Shannon K. O'Neil

Latin America's Moment

O'Neil analyzes developments in Latin America and U.S. relations in the region.

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Latin America Goes Global Launch

by Shannon K. O'Neil
Latin America Goes Global, Christopher Sabatini Heads of states pose for the family photo of the VII Summit of the Americas in Panama City April 11, 2015 (Edgar Garrido/Courtesy Reuters).

Today is the official launch of Latin America Goes Global. Led by Christopher Sabatini, adjunct professor at the School of International and Public Affairs at Columbia University and formerly editor-in-chief of Americas Quarterly, the new site already has many talented and thoughtful Latin American policy experts on board. Read more »

CFR Media Call: Summit of the Americas

by Shannon K. O'Neil
Summit of the Americas, Panama, Panama City, Cuba Cuba's President Raul Castro listens during the Community of Latin American and Caribbean States (CELAC) summit in San Antonio de Belen in the province of Heredia January 28, 2015, in this handout courtesy of the Costa Rica Presidency (Costa Rica Presidency/Courtesy Reuters).

The seventh Summit of the Americas begins today in Panama City, Panama. Taking place every three years, it brings together leaders throughout the Western Hemisphere. This summit’s central theme is “Prosperity with Equity: The Challenge of Cooperation in the Americas,” addressing issues including education, health, energy, the environment, migration, security, citizen participation, and democratic governance. This is also the first summit Cuba attends. Yesterday, I participated in a CFR media call presided by Justin Vogt, deputy managing editor of Foreign Affairs, offering a preview of the summit. You can listen to the call here.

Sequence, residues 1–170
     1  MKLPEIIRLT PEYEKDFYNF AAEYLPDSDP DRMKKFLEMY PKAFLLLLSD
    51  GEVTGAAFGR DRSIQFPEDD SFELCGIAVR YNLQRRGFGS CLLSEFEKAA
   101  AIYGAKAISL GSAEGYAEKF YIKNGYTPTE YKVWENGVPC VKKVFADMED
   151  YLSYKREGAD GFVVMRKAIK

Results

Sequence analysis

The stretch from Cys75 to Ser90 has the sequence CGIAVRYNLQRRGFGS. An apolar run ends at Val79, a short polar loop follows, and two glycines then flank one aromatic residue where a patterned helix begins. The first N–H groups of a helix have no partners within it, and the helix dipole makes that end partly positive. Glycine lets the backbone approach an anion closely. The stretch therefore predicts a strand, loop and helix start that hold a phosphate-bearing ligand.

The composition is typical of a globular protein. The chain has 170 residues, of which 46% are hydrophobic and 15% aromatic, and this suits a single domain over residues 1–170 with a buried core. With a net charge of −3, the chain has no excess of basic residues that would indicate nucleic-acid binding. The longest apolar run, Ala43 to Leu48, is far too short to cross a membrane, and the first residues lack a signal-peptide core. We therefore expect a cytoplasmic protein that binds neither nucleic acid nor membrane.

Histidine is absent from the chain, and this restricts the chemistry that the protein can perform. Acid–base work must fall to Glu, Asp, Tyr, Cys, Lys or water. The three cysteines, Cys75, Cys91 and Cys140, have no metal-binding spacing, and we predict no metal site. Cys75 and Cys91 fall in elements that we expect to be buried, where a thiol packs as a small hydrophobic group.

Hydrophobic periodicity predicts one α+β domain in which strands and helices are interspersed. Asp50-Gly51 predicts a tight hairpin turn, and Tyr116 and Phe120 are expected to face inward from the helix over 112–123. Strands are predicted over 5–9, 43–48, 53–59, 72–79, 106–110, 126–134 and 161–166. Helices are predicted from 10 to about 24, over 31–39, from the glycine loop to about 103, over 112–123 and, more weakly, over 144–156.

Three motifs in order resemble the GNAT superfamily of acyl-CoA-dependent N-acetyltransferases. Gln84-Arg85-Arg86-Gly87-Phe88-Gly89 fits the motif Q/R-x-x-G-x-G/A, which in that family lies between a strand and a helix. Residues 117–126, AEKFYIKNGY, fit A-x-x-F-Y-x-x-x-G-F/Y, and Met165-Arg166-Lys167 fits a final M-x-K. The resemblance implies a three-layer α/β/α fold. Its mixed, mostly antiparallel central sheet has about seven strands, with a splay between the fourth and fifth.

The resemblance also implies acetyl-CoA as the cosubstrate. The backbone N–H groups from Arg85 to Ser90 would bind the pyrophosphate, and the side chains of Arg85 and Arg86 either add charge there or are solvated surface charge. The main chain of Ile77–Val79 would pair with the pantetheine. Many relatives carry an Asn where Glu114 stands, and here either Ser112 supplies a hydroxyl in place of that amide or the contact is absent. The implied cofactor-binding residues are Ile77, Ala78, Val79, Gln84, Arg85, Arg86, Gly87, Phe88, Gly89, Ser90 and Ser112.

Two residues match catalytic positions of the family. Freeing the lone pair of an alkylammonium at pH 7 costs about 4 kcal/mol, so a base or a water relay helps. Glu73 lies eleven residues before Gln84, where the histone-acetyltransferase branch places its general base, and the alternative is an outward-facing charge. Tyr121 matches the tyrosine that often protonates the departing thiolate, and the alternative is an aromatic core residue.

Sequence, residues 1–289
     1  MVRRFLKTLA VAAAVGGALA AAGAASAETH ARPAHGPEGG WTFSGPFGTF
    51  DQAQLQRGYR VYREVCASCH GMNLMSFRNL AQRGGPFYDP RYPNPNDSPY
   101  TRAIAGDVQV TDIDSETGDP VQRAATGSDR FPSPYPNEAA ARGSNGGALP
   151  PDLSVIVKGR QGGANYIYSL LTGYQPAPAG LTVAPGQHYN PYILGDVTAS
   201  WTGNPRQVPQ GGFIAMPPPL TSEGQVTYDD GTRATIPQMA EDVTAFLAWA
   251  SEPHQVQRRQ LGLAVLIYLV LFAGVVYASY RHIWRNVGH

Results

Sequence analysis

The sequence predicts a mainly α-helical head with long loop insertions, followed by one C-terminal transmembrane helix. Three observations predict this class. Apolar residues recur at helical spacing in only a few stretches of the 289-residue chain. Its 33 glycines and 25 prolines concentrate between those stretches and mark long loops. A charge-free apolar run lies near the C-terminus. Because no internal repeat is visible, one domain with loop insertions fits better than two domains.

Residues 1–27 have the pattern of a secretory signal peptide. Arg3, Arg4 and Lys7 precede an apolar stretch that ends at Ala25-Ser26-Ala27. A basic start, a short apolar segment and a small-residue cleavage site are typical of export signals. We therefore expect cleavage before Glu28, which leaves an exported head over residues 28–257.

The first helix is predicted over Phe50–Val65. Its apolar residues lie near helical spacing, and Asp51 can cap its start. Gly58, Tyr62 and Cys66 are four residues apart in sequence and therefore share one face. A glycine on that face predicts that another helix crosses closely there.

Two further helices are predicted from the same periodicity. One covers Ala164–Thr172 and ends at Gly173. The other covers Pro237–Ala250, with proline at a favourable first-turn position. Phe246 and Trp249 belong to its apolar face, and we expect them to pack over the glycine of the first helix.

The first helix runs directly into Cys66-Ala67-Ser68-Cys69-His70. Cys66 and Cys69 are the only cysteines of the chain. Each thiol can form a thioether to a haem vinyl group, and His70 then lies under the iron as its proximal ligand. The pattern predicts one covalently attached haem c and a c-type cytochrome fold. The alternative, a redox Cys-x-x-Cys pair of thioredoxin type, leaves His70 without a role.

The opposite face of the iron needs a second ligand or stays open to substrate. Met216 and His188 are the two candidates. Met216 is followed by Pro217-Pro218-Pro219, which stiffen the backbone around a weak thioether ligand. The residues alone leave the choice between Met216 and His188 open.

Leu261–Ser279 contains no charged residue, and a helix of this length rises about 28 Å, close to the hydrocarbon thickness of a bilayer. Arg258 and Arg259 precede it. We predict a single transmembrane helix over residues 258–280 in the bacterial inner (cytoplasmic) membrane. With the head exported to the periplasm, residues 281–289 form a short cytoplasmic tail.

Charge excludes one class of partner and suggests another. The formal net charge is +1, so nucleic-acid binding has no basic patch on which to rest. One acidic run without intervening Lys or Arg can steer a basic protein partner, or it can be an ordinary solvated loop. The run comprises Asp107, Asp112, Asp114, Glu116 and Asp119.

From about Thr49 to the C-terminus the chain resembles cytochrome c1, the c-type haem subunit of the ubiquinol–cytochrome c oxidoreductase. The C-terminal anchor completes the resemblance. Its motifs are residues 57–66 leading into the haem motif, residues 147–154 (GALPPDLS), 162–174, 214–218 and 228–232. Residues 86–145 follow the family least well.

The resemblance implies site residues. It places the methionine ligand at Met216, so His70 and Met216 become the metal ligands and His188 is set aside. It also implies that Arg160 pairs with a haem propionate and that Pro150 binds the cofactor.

Latin America’s Middle-Income Trap

by Shannon K. O'Neil
Latin America, Middle-income trap A student writes down in her note book on the first day of school in Managua February 11, 2013. Around 1.6 million students are expected to start their new academic year, according to the Ministry of Education of Nicaragua (Oswaldo Rivas/Courtesy Reuters).

In 2014, GDP growth in the region slowed to less than 1 percent. Expectations for 2015 are just slightly better, with forecasters predicting growth of nearer to 2 percent. The downturn reflects external factors, including the European Union’s continuing problems, a slower China, and falling commodity prices. But it also results from domestic barriers that hold these nations back. Read more »

The Strategic Importance of North America to U.S. Interests

by Shannon K. O'Neil
North America, Western Hemisphere, House Foreign Affairs, energy, economic competitiveness, integration (Courtesy Library of Congress)

Yesterday, I had the privilege to testify before the House Foreign Affairs Subcommittee on the Western Hemisphere at a hearing titled “The Strategic Importance of the Western Hemisphere: Defining U.S. Interests in the Region.” Also joining me before the subcommittee were Bonnie Glick, senior vice president at Meridian International Center, Evan Ellis, research professor at the U.S. Army War College Strategic Studies Institute, and Eric Farnsworth, vice president of Council of the Americas. Read more »